Lenihan questions need for property tax

FINANCE Minister Brian Lenihan has questioned whether the country could cope with the introduction of a property tax in the short-term.

He said while a tax on people’s homes would generate cash for the state, it would hurt spending in the economy and restrict transactional taxes linked to this.

“If you keep endlessly increasing taxation you destroy confidence in the economy.

“It is very difficult if you are talking about capital taxes in the current climate to talk about property taxes because that is just another capital tax,” he said.

Mr Lenihan said he favoured finding ways to cut spending instead of jumping to raise taxes on property and inheritance. And he said it was particularly problematic to introduce a property charge when values were so low and incomes so depressed.

“The problem with a property tax is people still have to pay it, it is paid out of income,” he said.

The Government has told the International Monetary Fund it is considering a property tax, which was recommended in last summer’s Commission on Taxation report.

However, Fianna Fáil backbenchers have resisted the possibility of its introduction in the short term.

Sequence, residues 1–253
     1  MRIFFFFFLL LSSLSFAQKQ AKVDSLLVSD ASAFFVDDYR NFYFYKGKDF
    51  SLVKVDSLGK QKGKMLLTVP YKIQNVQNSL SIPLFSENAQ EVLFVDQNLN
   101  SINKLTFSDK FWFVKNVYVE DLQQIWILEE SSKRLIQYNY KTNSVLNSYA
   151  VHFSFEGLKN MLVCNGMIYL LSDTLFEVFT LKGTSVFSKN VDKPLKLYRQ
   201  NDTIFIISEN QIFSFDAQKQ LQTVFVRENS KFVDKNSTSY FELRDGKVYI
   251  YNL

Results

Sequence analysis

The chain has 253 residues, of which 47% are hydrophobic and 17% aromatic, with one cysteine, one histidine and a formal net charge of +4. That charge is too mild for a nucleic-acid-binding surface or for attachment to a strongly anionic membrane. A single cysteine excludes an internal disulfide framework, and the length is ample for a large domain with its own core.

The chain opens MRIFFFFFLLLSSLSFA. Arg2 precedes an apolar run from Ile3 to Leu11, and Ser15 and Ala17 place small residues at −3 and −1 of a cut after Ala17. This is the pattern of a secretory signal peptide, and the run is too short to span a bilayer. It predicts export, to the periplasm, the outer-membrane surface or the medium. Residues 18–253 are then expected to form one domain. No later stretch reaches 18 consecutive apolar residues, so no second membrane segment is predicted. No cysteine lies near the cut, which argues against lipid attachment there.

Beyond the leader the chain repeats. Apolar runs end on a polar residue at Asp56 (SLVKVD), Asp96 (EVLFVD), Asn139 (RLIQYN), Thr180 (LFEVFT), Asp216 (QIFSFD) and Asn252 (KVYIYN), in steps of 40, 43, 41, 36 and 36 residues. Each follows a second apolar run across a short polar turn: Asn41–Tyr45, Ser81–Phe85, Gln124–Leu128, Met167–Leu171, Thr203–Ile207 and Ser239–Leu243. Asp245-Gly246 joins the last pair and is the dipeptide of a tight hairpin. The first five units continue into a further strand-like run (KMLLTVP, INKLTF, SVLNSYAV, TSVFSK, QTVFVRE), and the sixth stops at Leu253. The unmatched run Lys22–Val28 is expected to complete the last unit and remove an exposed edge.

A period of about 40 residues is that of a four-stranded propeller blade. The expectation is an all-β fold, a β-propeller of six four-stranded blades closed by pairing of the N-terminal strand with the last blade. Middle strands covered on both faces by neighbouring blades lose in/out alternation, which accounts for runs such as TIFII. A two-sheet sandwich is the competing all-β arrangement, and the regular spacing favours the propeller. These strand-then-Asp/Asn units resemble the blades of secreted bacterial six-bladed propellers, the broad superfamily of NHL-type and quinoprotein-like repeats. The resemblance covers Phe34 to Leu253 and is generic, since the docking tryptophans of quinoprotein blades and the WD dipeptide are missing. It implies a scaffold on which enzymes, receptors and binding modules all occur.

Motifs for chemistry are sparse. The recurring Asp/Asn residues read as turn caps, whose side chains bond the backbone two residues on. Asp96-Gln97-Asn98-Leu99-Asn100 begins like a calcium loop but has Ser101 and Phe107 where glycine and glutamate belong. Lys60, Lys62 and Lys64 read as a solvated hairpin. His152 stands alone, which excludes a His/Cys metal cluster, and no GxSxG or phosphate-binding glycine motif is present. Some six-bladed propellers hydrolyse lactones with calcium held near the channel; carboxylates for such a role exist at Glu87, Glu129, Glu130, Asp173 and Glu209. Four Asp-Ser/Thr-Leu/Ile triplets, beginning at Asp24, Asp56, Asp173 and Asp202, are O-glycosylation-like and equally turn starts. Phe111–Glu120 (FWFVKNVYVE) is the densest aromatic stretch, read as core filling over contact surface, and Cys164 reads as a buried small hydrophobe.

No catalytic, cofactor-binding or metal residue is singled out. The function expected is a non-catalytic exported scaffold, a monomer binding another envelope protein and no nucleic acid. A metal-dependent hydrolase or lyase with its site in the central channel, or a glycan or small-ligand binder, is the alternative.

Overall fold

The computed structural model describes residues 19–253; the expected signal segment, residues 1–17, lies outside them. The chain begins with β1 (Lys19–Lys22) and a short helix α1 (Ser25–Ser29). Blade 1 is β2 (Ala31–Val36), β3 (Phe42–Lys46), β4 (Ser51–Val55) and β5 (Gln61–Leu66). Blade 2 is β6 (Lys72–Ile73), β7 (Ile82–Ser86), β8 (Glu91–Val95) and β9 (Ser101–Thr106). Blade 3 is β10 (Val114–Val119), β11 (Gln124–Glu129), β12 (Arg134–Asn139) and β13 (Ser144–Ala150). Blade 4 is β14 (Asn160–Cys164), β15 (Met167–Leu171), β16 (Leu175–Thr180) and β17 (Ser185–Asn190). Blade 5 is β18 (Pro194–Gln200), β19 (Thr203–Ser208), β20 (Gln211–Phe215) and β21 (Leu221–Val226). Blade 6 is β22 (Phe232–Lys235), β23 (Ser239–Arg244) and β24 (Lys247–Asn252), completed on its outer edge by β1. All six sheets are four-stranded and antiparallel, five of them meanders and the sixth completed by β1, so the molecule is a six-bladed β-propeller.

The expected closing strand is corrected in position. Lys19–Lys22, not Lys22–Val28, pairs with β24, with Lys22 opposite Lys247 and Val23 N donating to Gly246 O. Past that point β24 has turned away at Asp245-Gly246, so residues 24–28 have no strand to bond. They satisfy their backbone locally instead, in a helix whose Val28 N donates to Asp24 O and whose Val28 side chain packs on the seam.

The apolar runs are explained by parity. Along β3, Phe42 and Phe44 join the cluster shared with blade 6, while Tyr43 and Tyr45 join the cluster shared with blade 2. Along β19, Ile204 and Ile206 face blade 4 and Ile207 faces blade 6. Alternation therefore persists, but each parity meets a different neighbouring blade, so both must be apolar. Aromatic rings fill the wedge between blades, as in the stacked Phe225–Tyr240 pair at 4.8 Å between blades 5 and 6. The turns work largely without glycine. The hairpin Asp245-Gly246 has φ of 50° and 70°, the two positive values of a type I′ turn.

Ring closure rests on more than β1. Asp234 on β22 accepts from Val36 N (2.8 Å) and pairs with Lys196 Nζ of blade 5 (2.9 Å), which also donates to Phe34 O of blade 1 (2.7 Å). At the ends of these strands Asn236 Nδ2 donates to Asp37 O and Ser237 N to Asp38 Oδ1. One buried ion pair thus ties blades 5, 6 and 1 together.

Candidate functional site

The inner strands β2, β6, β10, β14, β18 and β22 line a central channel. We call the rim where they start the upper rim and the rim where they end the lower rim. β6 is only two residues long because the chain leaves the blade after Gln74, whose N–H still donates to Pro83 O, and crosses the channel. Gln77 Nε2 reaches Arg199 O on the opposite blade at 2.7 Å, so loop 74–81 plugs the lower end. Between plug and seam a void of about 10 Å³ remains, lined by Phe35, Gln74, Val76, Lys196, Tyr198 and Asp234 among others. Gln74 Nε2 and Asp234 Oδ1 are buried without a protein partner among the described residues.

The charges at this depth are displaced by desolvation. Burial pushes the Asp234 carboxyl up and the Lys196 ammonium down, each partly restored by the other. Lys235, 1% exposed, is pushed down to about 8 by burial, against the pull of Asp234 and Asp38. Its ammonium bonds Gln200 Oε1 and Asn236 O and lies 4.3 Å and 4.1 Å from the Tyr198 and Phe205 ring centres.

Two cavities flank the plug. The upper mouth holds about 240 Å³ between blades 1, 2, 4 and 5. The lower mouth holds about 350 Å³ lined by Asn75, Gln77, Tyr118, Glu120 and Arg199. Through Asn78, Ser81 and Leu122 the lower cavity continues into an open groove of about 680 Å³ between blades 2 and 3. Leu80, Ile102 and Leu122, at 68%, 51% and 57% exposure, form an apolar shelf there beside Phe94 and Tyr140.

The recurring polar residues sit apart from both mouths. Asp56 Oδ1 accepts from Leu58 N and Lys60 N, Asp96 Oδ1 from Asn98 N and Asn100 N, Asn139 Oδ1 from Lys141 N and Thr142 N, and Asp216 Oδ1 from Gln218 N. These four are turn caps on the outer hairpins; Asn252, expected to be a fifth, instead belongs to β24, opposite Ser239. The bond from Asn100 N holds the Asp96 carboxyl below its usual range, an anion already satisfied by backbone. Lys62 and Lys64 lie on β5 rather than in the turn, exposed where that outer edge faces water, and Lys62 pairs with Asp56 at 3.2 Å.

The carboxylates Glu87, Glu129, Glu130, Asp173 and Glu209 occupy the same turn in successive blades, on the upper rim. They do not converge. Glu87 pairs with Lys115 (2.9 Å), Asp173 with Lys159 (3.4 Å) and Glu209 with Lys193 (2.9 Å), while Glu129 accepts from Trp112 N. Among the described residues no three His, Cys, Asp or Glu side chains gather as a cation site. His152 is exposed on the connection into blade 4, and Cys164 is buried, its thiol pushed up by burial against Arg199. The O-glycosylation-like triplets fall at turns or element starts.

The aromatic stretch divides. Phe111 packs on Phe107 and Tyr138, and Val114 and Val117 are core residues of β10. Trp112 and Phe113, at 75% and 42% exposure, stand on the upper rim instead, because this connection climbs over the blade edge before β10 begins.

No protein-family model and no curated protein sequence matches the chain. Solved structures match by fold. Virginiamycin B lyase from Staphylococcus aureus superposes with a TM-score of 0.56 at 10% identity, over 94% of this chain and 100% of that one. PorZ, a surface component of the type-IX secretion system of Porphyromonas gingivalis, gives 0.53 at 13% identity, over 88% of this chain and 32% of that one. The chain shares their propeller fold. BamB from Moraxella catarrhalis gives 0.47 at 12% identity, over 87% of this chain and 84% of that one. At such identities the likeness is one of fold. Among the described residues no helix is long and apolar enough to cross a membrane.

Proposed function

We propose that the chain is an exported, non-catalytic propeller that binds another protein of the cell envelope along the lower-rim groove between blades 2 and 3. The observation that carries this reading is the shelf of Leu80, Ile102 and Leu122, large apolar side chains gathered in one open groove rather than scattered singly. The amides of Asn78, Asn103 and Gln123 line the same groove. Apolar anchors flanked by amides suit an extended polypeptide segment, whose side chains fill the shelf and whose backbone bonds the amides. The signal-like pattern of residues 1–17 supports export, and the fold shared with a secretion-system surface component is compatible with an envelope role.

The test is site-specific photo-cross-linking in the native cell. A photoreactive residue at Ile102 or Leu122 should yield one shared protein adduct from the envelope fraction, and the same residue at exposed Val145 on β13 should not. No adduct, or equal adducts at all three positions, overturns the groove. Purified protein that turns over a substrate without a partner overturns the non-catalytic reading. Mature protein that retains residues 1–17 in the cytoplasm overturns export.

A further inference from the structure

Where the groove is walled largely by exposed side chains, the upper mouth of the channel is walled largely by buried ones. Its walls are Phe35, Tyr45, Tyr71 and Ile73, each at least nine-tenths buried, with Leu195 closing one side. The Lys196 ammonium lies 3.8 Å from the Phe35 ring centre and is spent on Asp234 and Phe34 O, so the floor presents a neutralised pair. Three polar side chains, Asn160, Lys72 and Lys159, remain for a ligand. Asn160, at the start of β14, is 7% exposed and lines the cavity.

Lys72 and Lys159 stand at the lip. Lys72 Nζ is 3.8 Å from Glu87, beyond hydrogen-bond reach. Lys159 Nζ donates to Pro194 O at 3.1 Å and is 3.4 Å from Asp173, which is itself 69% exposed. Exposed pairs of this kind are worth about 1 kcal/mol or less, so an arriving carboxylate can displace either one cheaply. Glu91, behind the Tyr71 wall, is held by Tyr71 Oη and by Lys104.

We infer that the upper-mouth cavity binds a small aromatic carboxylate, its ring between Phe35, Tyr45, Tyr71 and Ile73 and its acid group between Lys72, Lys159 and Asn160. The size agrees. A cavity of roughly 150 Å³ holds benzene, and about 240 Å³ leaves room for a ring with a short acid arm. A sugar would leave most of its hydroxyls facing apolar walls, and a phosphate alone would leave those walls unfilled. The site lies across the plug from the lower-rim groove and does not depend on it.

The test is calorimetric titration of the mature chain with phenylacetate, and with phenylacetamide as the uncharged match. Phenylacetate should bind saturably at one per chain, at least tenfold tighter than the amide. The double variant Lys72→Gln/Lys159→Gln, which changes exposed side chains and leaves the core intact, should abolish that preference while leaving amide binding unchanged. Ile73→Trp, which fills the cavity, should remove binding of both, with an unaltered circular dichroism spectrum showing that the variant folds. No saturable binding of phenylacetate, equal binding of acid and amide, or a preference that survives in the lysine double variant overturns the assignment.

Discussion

In an interview with Sam Smyth on Today FM, Mr Lenihan also made an astonishing attack on Fine Gael by saying they missed an open goal when they failed to oust Fianna Fáil at the last general election.

“I expected Fianna Fáil to lose the last general election and I was surprised when we were returned to office.

“In my view at the time there was an abject failure by Fine Gael to offer a viable alternative to the people,” he said.

Mr Lenihan said the policies Fine Gael put forward in 2007 helped Fianna Fáil to recover a lot of lost ground in the final week of the campaign.

The Finance Minister did not entertain the possibility of himself leading the party into the next general election.

He said in spite of his current popularity and Taoiseach Brian Cowen’s poor poll rating, he believed the current leader should remain in office.

Regarding his own health and treatment for pancreatic cancer, Mr Lenihan said he was waiting for the outcome of tests this summer.

But, he said, he was still feeling good and his ability to do his job had not been compromised.

He said the support he has received from across the political party spectrum has been a big comfort.

“[What has been a] a huge support to me is the presence I seem to have in the thoughts and prayers of many. That has been a huge personal support to me in what has been a difficult time. And I very much appreciate that.

“As far as my actual position is concerned there is no change since January, I am in a position to do my job,” he said.


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